Saturday, March 22, 2008

Self Care Secrets Debut at The Economist

We were speaking at The Economist this week and a question came from one of the employees about what practice I find most helpful as a self-care preventative against stress. Without thinking I said "dry brush and self massage". Silence ensued. Aside from being unintelligible to most people, to a twisted mind acutally sounds slightly tawdry.

Truth be told, this is just one of the many ancient "secrets" emerging in the mainstream. My husband's VERY conservative General Practitioner swears by his neti pot (details below), and even insisted my husband start to use one to keep allergies and colds/flu at bay. Check out three core daily self care practices we've inherited from the ayurvedic folk. Whether you adapt them now or later, there's no doubt they're on the rise!

1. Neti Pot - A neti pot is a little ceramic pot shaped much like a teapot. You fill it with room temperature water and a small portion of iodine free salt. You then tilt the spout into your nostril (yes, bear with me) and turn your head to the side so the saline was can run freely into one nostril and out of the other. Sound gross? Wait until you get through multiple winters cold free. Wait until you get through allergy season without becoming a sneezy, snotty mess. You'll see gross in a whole new way, and after all 'tis the season.

2. Tongue Scraping - (pictured above)No we don't mean the sensation of being licked by a cat. Tongue scraping is performed with a little bendy horseshoe shaped piece of metal that you brace in one hand to scrape bacteria off of your tongue. Why would you want to do that? Because bacteria is the reason for many icky things - colds and other illnesses, plaque, bad breath, gum disease, etc. It takes just a moment and is easily worked into your dental hygiene routine. Besides, once you see what you're scraping off your tongue, you'll be glad you did.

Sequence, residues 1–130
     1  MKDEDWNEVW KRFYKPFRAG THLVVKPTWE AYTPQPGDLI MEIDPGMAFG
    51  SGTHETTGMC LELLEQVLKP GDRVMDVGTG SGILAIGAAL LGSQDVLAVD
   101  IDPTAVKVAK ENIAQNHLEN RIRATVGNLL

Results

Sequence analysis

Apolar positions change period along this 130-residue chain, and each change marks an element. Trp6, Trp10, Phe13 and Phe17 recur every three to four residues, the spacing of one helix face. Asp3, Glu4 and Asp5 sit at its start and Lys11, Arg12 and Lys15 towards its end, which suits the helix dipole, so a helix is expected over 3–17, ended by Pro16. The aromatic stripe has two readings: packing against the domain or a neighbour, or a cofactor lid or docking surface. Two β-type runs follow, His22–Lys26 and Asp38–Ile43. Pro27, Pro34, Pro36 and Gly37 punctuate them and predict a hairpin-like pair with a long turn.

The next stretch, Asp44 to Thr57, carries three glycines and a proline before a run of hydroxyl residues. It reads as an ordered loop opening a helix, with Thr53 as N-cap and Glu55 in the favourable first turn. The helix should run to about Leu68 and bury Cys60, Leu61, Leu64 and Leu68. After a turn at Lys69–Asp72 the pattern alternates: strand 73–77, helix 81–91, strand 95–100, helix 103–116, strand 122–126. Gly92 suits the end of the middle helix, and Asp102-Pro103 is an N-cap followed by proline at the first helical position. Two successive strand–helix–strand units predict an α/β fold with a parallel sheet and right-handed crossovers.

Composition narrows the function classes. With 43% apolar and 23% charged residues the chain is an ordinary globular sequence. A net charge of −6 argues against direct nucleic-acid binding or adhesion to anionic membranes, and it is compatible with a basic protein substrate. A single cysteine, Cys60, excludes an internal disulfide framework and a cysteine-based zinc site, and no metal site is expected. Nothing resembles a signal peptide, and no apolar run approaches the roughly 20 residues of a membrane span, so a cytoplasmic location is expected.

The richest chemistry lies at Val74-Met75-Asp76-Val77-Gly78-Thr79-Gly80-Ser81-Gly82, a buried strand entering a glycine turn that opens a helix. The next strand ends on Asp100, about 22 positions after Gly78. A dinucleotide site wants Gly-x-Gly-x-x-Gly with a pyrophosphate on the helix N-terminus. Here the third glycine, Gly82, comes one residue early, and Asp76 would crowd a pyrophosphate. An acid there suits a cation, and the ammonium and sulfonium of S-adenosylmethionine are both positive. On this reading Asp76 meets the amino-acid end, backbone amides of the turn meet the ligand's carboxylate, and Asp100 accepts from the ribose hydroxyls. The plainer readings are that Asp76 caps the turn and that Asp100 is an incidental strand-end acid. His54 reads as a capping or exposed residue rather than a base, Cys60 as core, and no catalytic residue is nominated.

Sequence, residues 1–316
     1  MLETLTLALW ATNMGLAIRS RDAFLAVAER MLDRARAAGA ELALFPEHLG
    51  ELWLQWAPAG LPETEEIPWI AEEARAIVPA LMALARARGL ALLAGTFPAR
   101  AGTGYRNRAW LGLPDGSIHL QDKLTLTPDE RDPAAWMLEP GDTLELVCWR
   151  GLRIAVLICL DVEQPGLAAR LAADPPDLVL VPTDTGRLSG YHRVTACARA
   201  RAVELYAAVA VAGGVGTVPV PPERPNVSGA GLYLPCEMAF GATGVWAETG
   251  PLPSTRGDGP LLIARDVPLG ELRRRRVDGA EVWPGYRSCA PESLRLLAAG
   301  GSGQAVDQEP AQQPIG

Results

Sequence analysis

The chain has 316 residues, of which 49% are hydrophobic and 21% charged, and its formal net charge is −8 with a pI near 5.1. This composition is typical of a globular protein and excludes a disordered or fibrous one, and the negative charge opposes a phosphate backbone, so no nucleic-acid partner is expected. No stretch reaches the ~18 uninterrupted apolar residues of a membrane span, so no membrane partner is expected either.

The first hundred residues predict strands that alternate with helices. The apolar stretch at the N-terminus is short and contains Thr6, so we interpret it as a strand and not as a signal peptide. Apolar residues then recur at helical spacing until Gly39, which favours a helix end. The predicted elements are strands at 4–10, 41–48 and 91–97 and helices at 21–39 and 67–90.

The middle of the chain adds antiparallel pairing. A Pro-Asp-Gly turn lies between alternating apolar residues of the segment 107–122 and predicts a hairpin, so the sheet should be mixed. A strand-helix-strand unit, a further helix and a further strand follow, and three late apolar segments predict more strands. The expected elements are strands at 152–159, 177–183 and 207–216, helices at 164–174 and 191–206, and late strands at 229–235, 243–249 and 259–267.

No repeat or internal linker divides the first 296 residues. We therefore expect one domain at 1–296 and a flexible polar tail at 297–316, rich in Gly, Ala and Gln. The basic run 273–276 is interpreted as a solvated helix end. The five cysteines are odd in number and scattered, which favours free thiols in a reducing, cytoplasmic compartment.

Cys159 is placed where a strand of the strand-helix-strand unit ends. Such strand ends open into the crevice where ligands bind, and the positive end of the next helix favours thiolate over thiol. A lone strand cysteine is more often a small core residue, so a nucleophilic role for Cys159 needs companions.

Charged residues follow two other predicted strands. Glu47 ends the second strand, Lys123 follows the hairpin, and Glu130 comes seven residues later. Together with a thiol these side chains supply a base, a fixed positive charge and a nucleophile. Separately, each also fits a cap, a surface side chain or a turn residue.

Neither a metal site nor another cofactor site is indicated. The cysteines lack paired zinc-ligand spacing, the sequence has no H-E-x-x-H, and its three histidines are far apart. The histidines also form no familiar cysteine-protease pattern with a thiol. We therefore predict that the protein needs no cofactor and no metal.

3. Dry Brush/Self Massage - Not just for the lonely among us, this practice is considered mega important among ayurvedic practitioners for stimulating "the body's natural pharmacy", or your lymphatic and immune systems. A dry brush is usually made of natural bristles and fits easily into your hand. Before you shower, you take the brush and sweep it over your entire body, usually from feet up. It shouldn't take more than a minute or two. Then you take a moment to rub organic body oil into your skin. This practice is a 1-2 punch that increases the immune system, softens your skin, improves tactile response and relieves muscular tension.

Whether your company sponsors someone like me to come teach about these things, run, don't walk, to the health food store to stock up on these instruments and make their use a part of your daily routine. When world renowned yogini Shiva Rea taught me these practices, she warned me they are addictive. They are, but in the very best way because they WORK.

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